• Peter Harding

Post-COVID PE: How to tackle it.

PE is slowly starting to return to its former glory but there are many challenges that lie ahead. Opportunities for children to engage in Physical Education and physical activities (PA) have dramatically decreased over the past year resulting in a huge rise in sedentary lifestyles. This blog will highlight some of the issues and offer the cure to a COVID hangover.

Putting the ‘E back in PE’:

Let me start by applauding Joe Wicks for his extreme efforts in keeping the nation active. I sincerely hope he has a knighthood in the post, what a hero! However, I do worry about the image of PE now just being a HIT session and that’s it, job done. It is now our mission to ‘put the E back in PE’ and ensure we deliver on education. Children have missed a substantial amount of time from their learning. The interruption to the flow of progress has been halted and gaps in subject knowledge will start to emerge. We must address this by offering the right balance of focus on physical activity and physical education. Next time you’re in a PE lesson ask yourself this, are the children learning?


I really feel for the children who have been in Year 6 the last couple of years, partly because my favourite memories of school are playing for the school football team, and so many children have missed out on this. Coming up to the summer term, with fewer restrictions and nicer weather, it is pivotal we host intra-competitions within our school bubbles. I really value competition as it provides so many opportunities for learning and growth. In my school, Year 6 have planned 6 different competitions for each year group. This is in place of Sports Leaders positions and opportunities they would have had this year.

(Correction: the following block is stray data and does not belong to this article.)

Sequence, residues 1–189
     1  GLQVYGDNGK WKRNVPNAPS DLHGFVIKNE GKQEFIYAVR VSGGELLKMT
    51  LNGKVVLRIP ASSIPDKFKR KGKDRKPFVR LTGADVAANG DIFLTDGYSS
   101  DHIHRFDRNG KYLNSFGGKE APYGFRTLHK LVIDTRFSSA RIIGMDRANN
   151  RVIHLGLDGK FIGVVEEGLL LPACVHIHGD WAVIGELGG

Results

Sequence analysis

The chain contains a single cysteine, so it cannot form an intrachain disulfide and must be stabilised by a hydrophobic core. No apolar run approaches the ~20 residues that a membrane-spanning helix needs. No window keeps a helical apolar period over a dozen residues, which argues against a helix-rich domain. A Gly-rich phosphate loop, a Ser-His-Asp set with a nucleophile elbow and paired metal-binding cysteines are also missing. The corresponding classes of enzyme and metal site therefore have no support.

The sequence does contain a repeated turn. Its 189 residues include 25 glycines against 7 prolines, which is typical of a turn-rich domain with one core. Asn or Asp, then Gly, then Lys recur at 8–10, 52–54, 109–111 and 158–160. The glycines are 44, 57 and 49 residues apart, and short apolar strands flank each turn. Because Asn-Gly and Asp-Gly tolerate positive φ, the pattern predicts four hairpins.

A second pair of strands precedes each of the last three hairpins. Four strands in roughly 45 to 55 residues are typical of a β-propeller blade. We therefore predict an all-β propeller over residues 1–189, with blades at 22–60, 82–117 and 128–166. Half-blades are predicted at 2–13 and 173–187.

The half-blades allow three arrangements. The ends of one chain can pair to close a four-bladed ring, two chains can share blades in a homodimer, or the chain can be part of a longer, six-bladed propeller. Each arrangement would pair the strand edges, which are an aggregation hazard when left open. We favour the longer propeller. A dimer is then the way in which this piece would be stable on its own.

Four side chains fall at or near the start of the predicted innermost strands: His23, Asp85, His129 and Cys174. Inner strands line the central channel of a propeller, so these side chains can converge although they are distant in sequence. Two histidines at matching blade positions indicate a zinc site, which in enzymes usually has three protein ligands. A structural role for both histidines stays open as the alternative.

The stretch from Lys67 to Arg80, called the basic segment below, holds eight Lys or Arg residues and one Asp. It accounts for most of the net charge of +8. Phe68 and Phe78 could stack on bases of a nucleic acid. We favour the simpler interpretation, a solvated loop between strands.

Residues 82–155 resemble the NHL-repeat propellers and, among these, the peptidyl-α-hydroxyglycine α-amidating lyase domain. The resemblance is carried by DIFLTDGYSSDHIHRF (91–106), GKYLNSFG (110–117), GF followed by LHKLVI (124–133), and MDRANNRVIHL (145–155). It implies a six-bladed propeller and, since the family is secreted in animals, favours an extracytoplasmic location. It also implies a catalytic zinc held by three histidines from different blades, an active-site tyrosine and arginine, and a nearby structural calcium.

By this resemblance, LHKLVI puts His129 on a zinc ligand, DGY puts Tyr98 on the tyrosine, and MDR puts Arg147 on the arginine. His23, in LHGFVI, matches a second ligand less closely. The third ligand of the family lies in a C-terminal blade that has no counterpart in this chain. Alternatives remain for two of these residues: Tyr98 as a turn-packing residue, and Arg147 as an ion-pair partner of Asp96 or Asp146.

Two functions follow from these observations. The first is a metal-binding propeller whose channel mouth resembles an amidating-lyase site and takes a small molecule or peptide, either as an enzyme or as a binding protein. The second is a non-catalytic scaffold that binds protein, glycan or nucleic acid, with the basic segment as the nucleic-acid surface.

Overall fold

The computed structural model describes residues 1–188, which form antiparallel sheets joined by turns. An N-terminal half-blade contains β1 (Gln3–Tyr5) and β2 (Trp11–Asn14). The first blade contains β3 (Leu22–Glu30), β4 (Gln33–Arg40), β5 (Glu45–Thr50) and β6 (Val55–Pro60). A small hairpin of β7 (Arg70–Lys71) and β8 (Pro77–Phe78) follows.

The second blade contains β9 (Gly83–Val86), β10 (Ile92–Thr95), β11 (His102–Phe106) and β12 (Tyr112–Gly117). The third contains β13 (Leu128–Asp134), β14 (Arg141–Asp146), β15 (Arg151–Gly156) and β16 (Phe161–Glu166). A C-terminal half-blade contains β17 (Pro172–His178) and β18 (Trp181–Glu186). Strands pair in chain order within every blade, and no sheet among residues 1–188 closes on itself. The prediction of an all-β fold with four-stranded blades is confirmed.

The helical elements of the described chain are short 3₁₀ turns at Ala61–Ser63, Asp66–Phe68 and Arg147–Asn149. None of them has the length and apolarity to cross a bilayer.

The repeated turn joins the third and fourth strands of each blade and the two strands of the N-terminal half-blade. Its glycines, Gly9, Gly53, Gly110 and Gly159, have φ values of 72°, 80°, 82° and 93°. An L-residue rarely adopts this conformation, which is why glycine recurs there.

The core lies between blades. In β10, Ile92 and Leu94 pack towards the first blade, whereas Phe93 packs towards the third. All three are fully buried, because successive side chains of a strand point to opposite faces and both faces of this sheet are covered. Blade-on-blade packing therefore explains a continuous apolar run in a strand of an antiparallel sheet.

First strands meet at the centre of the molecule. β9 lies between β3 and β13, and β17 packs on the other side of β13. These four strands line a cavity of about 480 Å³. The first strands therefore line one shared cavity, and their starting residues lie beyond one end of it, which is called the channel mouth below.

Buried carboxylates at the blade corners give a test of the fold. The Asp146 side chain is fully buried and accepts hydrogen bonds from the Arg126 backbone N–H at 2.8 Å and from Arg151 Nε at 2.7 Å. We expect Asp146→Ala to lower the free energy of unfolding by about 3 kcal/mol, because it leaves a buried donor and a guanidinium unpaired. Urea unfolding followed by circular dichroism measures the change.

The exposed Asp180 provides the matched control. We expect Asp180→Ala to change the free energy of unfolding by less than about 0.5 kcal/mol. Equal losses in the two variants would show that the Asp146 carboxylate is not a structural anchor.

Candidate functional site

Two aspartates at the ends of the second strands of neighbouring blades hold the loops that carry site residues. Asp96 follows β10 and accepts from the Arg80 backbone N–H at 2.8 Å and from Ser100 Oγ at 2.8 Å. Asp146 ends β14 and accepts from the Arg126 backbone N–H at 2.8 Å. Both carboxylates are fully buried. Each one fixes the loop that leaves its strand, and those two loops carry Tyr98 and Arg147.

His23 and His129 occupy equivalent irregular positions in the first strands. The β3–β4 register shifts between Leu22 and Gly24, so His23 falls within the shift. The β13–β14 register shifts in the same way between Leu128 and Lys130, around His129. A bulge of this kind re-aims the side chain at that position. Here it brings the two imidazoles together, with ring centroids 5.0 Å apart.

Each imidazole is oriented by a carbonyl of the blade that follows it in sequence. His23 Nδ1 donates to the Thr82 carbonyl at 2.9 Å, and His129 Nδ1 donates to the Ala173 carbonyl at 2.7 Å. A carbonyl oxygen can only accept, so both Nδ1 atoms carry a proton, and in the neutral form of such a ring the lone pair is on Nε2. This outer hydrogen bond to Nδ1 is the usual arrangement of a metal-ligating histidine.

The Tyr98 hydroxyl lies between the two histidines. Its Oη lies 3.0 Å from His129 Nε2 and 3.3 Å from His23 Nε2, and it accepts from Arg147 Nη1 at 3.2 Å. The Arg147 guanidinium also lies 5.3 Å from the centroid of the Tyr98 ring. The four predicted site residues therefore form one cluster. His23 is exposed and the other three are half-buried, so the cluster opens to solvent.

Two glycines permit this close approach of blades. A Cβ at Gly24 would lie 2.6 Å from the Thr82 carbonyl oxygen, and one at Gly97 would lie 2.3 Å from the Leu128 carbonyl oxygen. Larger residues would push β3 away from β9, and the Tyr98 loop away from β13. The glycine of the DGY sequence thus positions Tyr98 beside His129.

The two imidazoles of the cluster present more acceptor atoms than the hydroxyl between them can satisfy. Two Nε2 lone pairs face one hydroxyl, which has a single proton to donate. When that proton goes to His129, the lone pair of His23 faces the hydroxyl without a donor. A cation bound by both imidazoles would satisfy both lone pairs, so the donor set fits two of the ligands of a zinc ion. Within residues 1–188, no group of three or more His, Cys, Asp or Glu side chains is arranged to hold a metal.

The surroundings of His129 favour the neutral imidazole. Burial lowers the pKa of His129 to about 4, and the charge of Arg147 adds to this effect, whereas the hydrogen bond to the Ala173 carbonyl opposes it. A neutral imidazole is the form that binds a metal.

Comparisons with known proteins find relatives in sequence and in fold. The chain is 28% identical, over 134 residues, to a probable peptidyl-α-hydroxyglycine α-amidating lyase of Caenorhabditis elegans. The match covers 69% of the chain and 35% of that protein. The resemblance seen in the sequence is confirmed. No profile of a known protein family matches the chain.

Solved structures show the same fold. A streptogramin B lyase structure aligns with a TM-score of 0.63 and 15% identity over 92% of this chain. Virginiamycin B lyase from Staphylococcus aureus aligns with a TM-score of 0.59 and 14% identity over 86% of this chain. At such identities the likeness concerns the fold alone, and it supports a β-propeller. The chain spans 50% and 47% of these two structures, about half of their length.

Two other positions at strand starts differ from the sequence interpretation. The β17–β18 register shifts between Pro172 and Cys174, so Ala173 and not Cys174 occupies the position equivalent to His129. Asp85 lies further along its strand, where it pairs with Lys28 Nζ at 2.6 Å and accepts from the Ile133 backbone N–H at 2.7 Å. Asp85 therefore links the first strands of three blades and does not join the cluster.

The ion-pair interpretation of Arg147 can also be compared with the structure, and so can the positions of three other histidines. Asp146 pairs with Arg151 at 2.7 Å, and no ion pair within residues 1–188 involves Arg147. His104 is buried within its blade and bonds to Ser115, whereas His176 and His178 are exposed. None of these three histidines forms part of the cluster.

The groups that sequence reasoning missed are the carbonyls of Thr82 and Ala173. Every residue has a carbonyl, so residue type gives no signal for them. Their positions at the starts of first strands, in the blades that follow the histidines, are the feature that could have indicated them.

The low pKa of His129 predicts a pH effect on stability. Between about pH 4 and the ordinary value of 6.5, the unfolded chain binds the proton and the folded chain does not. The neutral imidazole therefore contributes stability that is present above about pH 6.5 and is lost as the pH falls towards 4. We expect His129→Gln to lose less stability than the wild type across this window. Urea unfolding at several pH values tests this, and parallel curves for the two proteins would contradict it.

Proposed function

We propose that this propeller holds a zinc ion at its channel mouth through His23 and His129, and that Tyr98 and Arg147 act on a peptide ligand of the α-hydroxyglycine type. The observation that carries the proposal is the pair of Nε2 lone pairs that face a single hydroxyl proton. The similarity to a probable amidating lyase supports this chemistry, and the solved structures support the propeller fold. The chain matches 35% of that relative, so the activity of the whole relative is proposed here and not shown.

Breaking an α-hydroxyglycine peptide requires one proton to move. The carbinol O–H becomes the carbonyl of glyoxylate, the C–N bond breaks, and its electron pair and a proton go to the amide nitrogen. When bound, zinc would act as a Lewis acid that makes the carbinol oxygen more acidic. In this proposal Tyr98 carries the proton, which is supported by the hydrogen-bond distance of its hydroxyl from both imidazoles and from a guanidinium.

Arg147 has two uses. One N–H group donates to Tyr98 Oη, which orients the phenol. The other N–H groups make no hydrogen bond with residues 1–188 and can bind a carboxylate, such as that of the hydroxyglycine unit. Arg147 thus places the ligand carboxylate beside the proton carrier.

Perfect time to raise the profile:

This is the time for us to drive the importance of PE and embed it within our school cultures. The data coming out on activity levels over lockdown is frightening but expected. ‘Activity levels have fallen with just 19% of under 16’s doing at least an hour of physical activity each day, this compares to 46.8% prior to COVID. Moreover, 43% are doing less than 30 minutes a day compared to 29% before coronavirus hit.’ (greatersport.co.uk, 2021). We need to tackle the COVID hangover coming our way and part of that fight is fitting regular physical activity into an already crowded curriculum. There are some tips below for squeezing PA into your school day. Getting back to raising the profile, the easiest way to do this is to share what the data is showing us and reveal the problems we are facing. This will give you a solid rationale for boosting your PE provision and developing a bigger buy in from staff. Reveal the problem and rationale, share the solution and the vision.

Tips for squeezing Physical Activity into a busy school day:

  • Launch the Daily Mile during breaks/lunch breaks - The first thing I did when I returned to work last week was find the biggest speaker I could in school so I could relaunch the Daily Mile and blast some music to raise engagement.

  • YouTube workouts – I use GoNoodle and Just Dance videos to get my children dancing in between tasks and lessons. It’s a great way to get children moving and refocused while I hand out books and get set up.

  • Take your Maths/Literacy lessons outside – When you can, take your lessons outside. This will provide a break in sedentary lifestyles whilst keeping you committed to teaching and learning.

  • Kit out your bubbles – Ensure that each bubble has PLENTY of resources on the yard to play with during their breaks. One thing I’ve noticed, and really appreciated, is the space children now have on the yard as year groups aren’t sharing break times. Children now have the space to pick up a tennis ball and racket and start practising. They have the comfort of a much smaller audience watching as they pick up the skipping ropes. They don’t have to wait for their day or turn on the football pitch.

Link to data… https://www.greatersport.co.uk/research-insight/children-s-experience-ofphysical- activity-in-lockdown

Peter Harding